This feels like the perfect response to Modern Warfare 3’s celebrity-infused commercials. Freddie Wong and team were charged with making a BF3 commercial worthy of representing what you could do in this game that you couldn’t do in others and, well, I think they were damn successful. Check out the video below and look out for it on a television near you:
Playstation 3 owners may have gotten it a bit early, but for all of you PC and Xbox players, the Battlefield 3 expansion releases today, so get yourself to updating the game. What the expansion features are a number of remastered Battlefield 2 maps, which personally I feel like were some of the best in the series (with exception of 1942). Those who own the Limited Edition get the pack for free, for everyone else the DLC will cost $14.99. Damn EA, steep price for those who didn’t pre-order!
Peter Moore, EA’s vocal COO, just told MCV that Battlefield 3 has made some sort of dent in what he considers the Call of Duty money pie. His comments re-lit a concern that I had about EA during this year’s release season. I think EA may be putting too much emphasis on Battlefield (and therefore, DICE) as some sort of Call of Duty-killer. I’m ultimately concerned because I love Battlefield and I don’t want some EA executive a-hole to look at the numbers and say “this ‘Battlfield’ franchise isn’t making the kind of money Call of Duty is, let’s scrap it.” Maybe all of you out there think that is ridiculous, but when the “dust settles” as Moore put it, I think they are going to be surprised by just how small of a pie piece they are really taking.
“I think when the dust fully settles, maybe when we’re looking at the end of our fiscal year, we’ll do an analysis and I think we will have taken [market] share.” – Peter Moore
Maybe all of you out there are thinking “well so what if Battlefield doesn’t do as well? I still buy it, they’ll be fine, I don’t give a rat’s ass about CoD.” You are then missing the entire point of what Battlefield 3 was: EA wanted to draw a line in the sand and make a stand. They wanted to say “us too” to all of the Call of Duty buyers and prove that because their game is about modern warfare and that they could spend lots and lots of money on marketing that CoD players would flock to their franchise and never turn back. Well to put it bluntly: THAT DIDN’T HAPPEN.
These are the main reasons why the Battlefield franchise needs to stop trying to compete with Activision and Call of Duty:
Oh yes. Its that time of the year again. I know all of you out there are just raring to get out after you finish your pumpkin pies and stand in line for 10 hours! Kotaku did a nice little list of all the great gaming deals Friday and I’ve grabbed a select few. Hit the jump for more!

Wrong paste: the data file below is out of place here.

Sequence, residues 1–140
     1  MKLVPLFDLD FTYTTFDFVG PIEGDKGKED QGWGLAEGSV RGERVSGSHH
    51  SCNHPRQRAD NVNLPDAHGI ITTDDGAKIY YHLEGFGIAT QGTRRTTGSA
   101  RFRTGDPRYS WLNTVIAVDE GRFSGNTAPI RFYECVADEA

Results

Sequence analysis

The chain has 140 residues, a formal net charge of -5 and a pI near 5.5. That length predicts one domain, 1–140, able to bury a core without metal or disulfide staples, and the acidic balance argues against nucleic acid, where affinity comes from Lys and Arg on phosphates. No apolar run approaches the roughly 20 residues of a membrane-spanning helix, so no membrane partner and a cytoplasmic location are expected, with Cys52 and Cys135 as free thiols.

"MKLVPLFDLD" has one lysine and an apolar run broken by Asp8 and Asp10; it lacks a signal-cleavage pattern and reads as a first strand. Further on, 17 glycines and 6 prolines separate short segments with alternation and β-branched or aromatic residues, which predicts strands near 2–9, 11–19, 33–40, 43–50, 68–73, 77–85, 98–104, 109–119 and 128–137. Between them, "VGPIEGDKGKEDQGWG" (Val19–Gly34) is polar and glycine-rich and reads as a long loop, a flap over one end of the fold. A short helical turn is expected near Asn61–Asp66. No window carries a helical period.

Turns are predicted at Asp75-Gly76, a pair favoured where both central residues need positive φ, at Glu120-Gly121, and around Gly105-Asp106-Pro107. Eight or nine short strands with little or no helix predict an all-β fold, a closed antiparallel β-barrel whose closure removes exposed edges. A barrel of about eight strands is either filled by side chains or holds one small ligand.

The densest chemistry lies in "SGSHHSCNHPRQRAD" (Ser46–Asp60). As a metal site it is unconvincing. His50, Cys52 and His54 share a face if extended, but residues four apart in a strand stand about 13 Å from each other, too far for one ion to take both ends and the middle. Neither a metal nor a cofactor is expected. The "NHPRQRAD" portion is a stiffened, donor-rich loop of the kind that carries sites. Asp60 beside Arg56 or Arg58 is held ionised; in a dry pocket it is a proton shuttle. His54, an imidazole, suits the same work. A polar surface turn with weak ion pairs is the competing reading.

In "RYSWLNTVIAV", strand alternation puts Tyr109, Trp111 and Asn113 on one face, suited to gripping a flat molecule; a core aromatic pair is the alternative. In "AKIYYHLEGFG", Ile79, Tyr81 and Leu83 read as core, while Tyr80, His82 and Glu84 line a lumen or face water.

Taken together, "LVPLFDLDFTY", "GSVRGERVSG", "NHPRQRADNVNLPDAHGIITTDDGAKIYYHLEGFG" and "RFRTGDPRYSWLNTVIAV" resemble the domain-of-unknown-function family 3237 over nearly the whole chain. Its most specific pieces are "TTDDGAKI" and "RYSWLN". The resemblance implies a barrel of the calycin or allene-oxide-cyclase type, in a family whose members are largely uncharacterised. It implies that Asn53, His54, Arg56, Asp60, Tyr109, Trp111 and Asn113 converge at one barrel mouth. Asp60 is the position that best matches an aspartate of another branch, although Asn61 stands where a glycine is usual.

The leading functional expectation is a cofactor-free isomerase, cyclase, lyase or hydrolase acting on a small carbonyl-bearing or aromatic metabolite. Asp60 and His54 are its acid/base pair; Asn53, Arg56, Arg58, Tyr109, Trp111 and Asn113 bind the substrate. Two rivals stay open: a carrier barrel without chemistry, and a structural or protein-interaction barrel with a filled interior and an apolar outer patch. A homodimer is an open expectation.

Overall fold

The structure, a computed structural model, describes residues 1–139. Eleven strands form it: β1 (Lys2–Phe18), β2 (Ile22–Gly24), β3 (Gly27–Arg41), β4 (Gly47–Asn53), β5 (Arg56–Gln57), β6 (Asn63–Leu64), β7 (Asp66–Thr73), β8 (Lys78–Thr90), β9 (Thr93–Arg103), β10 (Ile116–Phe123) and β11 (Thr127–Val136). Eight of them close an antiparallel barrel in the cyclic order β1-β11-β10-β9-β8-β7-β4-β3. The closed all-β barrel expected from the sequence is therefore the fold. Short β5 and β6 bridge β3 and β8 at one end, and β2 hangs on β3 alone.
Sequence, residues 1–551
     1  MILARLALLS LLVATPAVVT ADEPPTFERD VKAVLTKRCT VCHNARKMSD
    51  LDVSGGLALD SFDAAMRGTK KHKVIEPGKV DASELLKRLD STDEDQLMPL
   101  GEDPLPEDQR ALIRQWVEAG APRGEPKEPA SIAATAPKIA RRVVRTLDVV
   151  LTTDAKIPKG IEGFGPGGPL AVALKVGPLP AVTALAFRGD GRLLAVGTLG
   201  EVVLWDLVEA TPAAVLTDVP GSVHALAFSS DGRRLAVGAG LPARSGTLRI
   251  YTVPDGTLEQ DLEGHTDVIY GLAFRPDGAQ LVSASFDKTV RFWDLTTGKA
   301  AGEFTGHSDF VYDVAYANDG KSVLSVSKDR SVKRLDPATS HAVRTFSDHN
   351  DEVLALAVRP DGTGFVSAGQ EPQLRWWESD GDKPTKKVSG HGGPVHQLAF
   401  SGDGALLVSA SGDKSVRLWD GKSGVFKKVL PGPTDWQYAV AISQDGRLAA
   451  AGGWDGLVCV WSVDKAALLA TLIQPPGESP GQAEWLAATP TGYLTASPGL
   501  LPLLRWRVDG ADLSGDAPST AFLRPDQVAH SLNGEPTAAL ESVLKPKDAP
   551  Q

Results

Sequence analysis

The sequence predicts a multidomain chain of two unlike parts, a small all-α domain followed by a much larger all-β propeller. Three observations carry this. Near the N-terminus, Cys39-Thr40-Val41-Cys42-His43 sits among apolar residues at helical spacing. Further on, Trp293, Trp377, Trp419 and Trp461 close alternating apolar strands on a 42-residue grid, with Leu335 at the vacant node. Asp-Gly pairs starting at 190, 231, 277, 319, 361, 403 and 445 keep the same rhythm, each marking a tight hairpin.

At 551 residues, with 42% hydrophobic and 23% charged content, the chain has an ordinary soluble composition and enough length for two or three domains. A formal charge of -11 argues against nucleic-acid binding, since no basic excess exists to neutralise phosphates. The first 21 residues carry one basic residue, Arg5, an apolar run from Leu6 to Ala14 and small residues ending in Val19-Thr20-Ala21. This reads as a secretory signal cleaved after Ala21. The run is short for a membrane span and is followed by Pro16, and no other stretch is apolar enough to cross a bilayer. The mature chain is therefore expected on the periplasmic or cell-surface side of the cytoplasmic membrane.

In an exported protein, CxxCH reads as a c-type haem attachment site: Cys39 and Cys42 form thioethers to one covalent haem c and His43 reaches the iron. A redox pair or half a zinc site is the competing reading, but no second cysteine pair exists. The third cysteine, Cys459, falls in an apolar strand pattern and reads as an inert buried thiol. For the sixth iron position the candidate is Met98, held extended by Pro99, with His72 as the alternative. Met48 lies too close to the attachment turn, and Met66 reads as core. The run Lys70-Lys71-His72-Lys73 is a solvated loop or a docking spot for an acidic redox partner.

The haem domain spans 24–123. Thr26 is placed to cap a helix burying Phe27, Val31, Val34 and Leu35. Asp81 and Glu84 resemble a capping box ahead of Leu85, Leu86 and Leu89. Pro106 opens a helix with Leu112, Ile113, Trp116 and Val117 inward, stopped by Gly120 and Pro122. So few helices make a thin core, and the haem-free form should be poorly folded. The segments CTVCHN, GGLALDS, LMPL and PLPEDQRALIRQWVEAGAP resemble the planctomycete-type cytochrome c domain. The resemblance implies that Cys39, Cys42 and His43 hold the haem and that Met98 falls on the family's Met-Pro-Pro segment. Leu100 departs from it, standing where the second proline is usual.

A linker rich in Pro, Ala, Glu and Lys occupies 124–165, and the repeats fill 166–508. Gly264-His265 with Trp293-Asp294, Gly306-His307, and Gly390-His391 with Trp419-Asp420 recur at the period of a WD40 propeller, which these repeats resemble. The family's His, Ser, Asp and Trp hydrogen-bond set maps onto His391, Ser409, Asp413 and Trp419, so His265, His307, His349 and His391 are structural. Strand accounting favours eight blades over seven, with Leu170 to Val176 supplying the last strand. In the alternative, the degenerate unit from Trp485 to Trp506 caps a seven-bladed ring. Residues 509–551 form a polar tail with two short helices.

I’ve had a bit of a roller-coaster of emotion with Battlefield 3 since its release. At first I was pretty angry at how I couldn’t seem to score any kills. Then I unlocked some guns and things began to click. Then things began to get confounding again and honestly I think it was the new game’s map design.
You see, Battlefield 3’s maps are rooted much more in realism and I think the design suffers for it. Without a good mini-map it becomes even worse, sometimes paths to the objective are not very obvious, lanes of traffic are too small, cover is sometimes very weird (too short for crouching yet too tall for prone?). I think the maps may be one of the weakest points of BF3 so far.
When I watched this preview of the “Back to Karkland” expansion for BF3, which should come with just about everyone’s copy of the game, I realized how much I wanted the old maps. They had simplicity to them, yet they were also very large and could support all sorts of craziness without being extremely confusing. This is definitely the Battlefield 3 expansion I was looking for.
I’m sure that’s what they are hoping for. The EA-backed Origin service was built around delivering recently-released Battlefield 3. EA did not want to deliver their flagship title through Valve’s Steam distribution service over conflicts on distribution restrictions with Steam. What resulted is EA’s new Origin download platform. While many of us were somewhat displeased with having to use a different platform for what will surely be one of the biggest games of the year, this isn’t totally surprising, EA wants direct control of its titles and users that Valve was just unwilling to give up.
Now that Origin has an install base of around 4 million (mostly due in part to its requirement to play Battlefield 3), EA is using the opportunity to shape this service into a fully-fledged Steam competitor by adding non-EA titles such as Arkham City and Saints Row the Third.
Sat down to a surprisingly difficult game of Battlefield 3’s co-op game. I hightly recommend getting more than 2 people in on this if you plan to take it on. If you were wondering, this was on easy!